Jenni Murray, one of the UK’s best-known radio broadcasters and long-term presenter of the iconic BBC series Woman’s Hour, has caused a storm by suggesting that transwomen can’t be “real women”. Writing in The Sunday Times, she said “it takes more than a sex change and make-up” to “lay claim to womanhood”.
It’s saddening to read this from Jenni, who should know better than to generalise and use this old cliché. We can endlessly debate what constitutes the key to authenticity (ask the same questions about disabliity and infertility), and whether anyone who transitions was ever the gender they were assigned at birth.
Of course, all those who transition from male to female have lived with male privilege, but not all continue to assert it, though some do and obnoxiously so. Those who transition from female to male don’t do it to gain patriarchal power, and many don’t ever wish to assert it. Transition isn’t an easy decision based on some kind of misplaced vanity. Many transwomen have been forced to conform to ridiculous stereotypes as a price for securing medical intervention from (usually) male doctors, and trans* people from an earlier generation have lived through transition without the kind of peer group which exists today. My personal experience (I’m a CIS man, btw) is that the trans* community is as wonderful or infuriating, varied and imperfect as the rest of us.
None of us can change our history, and the injury and injustice discrimination and prejudice have wrought upon us. But we can do a lot to change our present and our future, and that’s what I’m focusing on here.
Jenni’s comments – in the way that they’re reported – only serve to demean the trans community, reinforcing the kind of bigotry which leads to “bathroom laws” and worse. I’ve actually never met a transman or a transwoman (and I have met a good many) who claims that all the psychotherapy, surgery and hormone treatment has turned them into a perfect physical replica of a “biological” man or woman; but it has got them as close as is essential for them to survive. I’ve known a couple of people who have transitioned later in life, and who have had to face dilemmas about the enormity of accepting the necessity of the decision which I wouldn’t wish on anyone. On a purely technical note, the switch of hormones produces a rollercoaster of physical and emotional changes without any of the joys of being a teenager. Not everyone can have the surgery they would like to have for both financial and health reasons. It’s not something anyone takes lightly, and some come out on the other side knowing that they are going to be stared at and talked about behind their backs for the rest of their lives.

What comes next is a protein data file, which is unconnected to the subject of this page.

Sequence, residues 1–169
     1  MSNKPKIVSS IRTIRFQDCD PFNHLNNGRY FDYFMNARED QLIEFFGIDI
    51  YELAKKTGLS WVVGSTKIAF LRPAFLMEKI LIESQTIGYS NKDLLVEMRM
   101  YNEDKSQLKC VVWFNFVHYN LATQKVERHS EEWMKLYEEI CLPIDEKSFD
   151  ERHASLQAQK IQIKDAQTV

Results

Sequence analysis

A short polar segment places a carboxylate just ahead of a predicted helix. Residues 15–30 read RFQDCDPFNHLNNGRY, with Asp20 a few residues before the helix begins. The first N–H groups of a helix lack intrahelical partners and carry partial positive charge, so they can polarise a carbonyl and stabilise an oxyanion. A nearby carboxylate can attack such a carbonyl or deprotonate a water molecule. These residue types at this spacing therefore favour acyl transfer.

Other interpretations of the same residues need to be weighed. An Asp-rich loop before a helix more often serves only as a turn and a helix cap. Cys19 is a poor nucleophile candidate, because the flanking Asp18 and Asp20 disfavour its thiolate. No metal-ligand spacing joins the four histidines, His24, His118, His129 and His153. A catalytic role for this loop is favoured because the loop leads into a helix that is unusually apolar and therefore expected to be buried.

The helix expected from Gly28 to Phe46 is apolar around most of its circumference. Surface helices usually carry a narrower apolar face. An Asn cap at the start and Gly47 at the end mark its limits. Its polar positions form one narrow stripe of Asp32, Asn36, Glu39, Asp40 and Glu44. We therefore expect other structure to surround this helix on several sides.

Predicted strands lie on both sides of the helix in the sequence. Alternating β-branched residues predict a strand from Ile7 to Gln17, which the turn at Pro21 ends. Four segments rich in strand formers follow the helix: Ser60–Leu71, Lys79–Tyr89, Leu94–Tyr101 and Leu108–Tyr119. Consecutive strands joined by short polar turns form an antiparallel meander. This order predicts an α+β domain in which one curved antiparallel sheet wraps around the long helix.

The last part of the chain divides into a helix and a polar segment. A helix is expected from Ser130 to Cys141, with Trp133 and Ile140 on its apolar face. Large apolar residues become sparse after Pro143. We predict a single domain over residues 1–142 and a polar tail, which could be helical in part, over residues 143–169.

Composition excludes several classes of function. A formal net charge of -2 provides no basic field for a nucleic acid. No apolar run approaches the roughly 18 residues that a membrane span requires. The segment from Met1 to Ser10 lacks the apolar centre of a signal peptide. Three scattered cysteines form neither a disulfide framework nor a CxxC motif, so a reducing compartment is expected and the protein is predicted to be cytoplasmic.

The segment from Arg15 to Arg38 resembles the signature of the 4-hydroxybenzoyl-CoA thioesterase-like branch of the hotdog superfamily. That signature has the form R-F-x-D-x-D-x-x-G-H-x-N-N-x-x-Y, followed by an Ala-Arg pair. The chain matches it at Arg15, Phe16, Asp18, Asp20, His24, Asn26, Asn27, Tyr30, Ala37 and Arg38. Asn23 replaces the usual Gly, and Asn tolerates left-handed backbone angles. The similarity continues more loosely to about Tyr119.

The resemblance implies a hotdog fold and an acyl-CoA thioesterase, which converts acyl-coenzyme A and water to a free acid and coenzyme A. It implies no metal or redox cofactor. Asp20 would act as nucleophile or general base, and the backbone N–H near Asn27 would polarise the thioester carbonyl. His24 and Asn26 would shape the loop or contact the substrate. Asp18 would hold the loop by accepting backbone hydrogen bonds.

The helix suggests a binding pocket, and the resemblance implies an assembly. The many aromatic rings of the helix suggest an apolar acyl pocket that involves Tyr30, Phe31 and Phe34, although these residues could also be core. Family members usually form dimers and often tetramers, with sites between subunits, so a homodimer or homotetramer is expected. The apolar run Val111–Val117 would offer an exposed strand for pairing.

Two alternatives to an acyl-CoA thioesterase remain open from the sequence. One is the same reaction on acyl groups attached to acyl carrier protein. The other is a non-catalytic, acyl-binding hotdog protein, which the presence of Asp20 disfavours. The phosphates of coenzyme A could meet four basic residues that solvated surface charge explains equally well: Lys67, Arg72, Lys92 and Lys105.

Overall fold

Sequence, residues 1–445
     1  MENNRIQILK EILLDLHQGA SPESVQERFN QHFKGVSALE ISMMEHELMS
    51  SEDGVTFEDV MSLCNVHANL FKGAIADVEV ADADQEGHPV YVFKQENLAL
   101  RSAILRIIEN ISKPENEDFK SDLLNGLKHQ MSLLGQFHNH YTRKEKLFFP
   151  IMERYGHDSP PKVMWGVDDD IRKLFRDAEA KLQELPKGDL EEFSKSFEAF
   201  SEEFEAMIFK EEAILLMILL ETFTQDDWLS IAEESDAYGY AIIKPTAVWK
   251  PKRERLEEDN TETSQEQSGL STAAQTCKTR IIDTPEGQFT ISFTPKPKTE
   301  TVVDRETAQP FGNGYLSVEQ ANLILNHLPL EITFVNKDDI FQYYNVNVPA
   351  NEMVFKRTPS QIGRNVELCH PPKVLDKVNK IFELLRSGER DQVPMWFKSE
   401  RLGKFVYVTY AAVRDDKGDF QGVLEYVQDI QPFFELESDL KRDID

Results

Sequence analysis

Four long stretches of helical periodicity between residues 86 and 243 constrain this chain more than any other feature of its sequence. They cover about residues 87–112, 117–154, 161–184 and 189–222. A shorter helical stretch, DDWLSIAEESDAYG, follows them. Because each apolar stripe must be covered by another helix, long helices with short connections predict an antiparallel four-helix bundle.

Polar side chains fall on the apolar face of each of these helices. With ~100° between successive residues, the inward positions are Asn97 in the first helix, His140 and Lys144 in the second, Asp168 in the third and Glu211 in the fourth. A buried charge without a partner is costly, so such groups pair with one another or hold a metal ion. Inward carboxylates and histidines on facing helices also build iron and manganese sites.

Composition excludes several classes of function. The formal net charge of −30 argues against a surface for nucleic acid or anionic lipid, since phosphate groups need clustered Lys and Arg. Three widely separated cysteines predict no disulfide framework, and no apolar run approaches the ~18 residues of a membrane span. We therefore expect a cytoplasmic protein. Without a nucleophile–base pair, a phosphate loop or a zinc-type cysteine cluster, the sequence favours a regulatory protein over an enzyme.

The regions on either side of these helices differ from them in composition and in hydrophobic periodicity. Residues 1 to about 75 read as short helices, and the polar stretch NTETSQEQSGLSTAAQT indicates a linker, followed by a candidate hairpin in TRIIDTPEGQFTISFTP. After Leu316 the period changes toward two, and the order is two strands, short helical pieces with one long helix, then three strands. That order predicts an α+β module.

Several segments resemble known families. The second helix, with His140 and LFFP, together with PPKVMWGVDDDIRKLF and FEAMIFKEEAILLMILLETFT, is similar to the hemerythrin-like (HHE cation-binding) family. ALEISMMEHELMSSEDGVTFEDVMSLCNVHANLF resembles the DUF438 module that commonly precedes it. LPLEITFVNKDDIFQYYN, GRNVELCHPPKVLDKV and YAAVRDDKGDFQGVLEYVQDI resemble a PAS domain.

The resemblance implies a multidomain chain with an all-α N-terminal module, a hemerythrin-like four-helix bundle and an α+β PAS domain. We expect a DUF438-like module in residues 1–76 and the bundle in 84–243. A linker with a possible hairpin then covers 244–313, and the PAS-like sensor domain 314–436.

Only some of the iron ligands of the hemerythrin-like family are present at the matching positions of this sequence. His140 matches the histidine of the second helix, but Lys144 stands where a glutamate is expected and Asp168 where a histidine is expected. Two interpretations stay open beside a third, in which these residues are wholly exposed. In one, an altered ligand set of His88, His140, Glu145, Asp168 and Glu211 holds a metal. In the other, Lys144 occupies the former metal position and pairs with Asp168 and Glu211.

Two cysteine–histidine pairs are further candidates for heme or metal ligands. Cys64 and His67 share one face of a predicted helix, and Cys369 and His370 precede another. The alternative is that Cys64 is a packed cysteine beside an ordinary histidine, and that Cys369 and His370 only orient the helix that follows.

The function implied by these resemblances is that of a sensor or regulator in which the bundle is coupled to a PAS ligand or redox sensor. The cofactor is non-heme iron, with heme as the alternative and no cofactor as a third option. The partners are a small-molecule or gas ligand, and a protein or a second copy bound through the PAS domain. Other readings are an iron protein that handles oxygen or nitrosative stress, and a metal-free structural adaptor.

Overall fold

I understand the intellectual argument that goes “if we got rid of gender-based discrimination and patriarchy, the need wouldn’t arise”, but I think that’s a rather 1970s feminist position; we’ve learned a lot more about gender, biology and human biochemistry since then. I just don’t understand why otherwise rational and thoughtful people as Jenni Murray and Germaine Greer see trans* people as some kind of “land grab” and a threat to their identity to the point that they have to try and reduce them to something less than the gender they now are.
Discussion and debate is interesting and worthwhile, but as always, it’s how and where it takes place. I agree with you that in this case, it’s just nasty. It’s a public challenge, however elegantly worded. It would be fine to lament the lack of understanding of feminism on the part of middle-aged CofE clergy or ITV regional journalists who happen to be trans (or not), but to make it a somehow defining characteristic of being transgender is a cheap target.
We all develop our own archetypes of what we believe should represent us as men or women and hold them up against people we meet. I spent most of my teens and 20s regularly being told I wasn’t a “real man” because I was gay, and equally, there’s a whole legion of male stereotypes I can’t support or identify with. “Transwomen aren’t real women” isn’t far from “of course, you’re adopted” or “same-sex marriage isn’t real marriage”. And I wouldn’t want the woman friend of mine – now in her 60s – who had a hysterectomy and her ovaries removed at 17 in order to save her life to be told she isn’t “ a real woman” because she has been taking hormones ever since.
Let’s by all means challenge poor attitudes and bad behaviour on the part of individuals (don’t get me started on Caitlin Jenner), but let’s accept that people are who they say they are.